Meetings aim to provide link between residents, police in Niles
Officer Anthony Scipione and Inspector Mark Blickhahn lead the discussion Oct. 30 at the Nordica Street Beat Meeting in Niles. | Jon Durr~For Sun-Times Media
Updated: January 7, 2013 1:43AM
NILES — Niles Police Officer Anthony Scipione smiled at the handful of residents attending the October Nordica Avenue beat meeting and said, “I promised you’d have some change.”
Scipione told the group gathered Oct. 30 at the Niles Police Department that the village passed an ordinance to create 64 new parking spots between two apartment buildings on Nordica Avenue with the hope of freeing up more parking spaces for area townhouse owners.
Scipione said parking has been an issue in that area for 25 years, so he was thrilled to give the residents positive news about it. He said another positive effect of the ordinance may be clearer streets for maintenance and snow plowing.
Conveying the residents’ concerns to Niles officials is Scipione’s job as the liaison between the residents of Nordica Avenue and the village.
The village holds monthly meetings for certain neighborhoods, including Nordica and Washington/Lyons streets.
“The goal is to improve the relationship between the residents of a beat and the village officials,” Scipione said.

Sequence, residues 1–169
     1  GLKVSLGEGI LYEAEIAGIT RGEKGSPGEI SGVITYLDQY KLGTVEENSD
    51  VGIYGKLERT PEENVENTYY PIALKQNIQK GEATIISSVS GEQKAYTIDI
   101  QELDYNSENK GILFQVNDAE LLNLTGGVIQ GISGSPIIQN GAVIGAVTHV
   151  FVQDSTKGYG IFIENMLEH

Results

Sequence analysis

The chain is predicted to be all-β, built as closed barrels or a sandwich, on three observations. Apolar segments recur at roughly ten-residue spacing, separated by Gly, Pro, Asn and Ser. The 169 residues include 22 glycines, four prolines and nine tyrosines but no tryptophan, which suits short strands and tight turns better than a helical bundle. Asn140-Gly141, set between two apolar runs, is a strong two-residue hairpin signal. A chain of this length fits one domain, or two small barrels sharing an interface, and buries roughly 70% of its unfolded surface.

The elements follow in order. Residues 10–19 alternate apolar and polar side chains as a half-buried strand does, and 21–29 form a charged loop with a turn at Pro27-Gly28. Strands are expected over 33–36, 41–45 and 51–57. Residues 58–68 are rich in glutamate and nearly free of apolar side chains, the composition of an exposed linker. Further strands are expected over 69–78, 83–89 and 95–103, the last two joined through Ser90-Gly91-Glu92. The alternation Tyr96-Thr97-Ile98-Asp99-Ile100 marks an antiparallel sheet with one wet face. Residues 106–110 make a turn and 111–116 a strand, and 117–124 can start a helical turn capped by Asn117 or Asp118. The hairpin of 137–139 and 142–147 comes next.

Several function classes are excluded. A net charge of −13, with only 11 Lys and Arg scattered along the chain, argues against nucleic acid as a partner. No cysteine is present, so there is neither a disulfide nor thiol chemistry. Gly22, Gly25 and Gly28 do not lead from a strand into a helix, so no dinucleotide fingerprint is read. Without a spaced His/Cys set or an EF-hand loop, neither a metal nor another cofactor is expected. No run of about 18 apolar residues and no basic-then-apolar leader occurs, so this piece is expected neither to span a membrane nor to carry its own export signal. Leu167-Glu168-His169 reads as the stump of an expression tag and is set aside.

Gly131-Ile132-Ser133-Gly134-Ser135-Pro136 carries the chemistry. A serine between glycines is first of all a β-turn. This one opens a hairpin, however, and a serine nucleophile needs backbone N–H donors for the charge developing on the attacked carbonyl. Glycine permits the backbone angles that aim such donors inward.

Inspector Mark Blickhahn of the Niles Community Development Department also attended the Oct. 30 beat meeting.
Scipione puts fliers on vehicles in the neighborhoods to encourage residents to come to the beat meetings to talk about their concerns regarding criminal and quality of life issues.
“It’s a super-rewarding experience” to help solve various residential issues, Scipione said.
“They’re very good,” Mary Demas, who lives in the neighborhood, said about the beat meetings. “They keep you informed of what’s going on in your neighborhood.”
Demas, who has been coming to the Nordica Avenue beat meetings for six months, has expressed concerns about it being too dark near the corner of Nordica and Birchwood. She suggested a light pole to make it brighter and safer. Scipione assured her that the village is looking to address the issue.
Demas also said a resident doesn’t leave a lid on the garbage can, and on windy days garbage is flying everywhere. Scipione said the village tries to be lenient about the hours residents can put out garbage, because it may be more difficult for those who work night shifts. He said they often give out warnings before tickets for certain problems.
“We’re here to educate,” he said. “We’re not here to just give tickets to everybody.”
Scipione said often people may be afraid of police officers and the beat meeting allow officers and residents to interact in a positive environment.
“They’re very nice,” Gerald Babiez said of the meetings. “I would like to see more people here.”
“It’s good to see newcomers,” Scipione added.
Scipione said on average about 10 people attend the monthly beat meetings, but noted he also regularly communicates with residents through emails.
At the Oct. 30 meeting, Scipione said with the holidays coming up residential and vehicle burglaries will likely increase. He advised people to remove GPS systems from their dashboard before leaving vehicles and to never leave purses in shopping carts at stores.
He also said if someone is going to put a purse in a vehicle’s trunk, they should do that at home and not in a parking lot where someone could be watching.
“Just be diligent out there,” urged Scipione.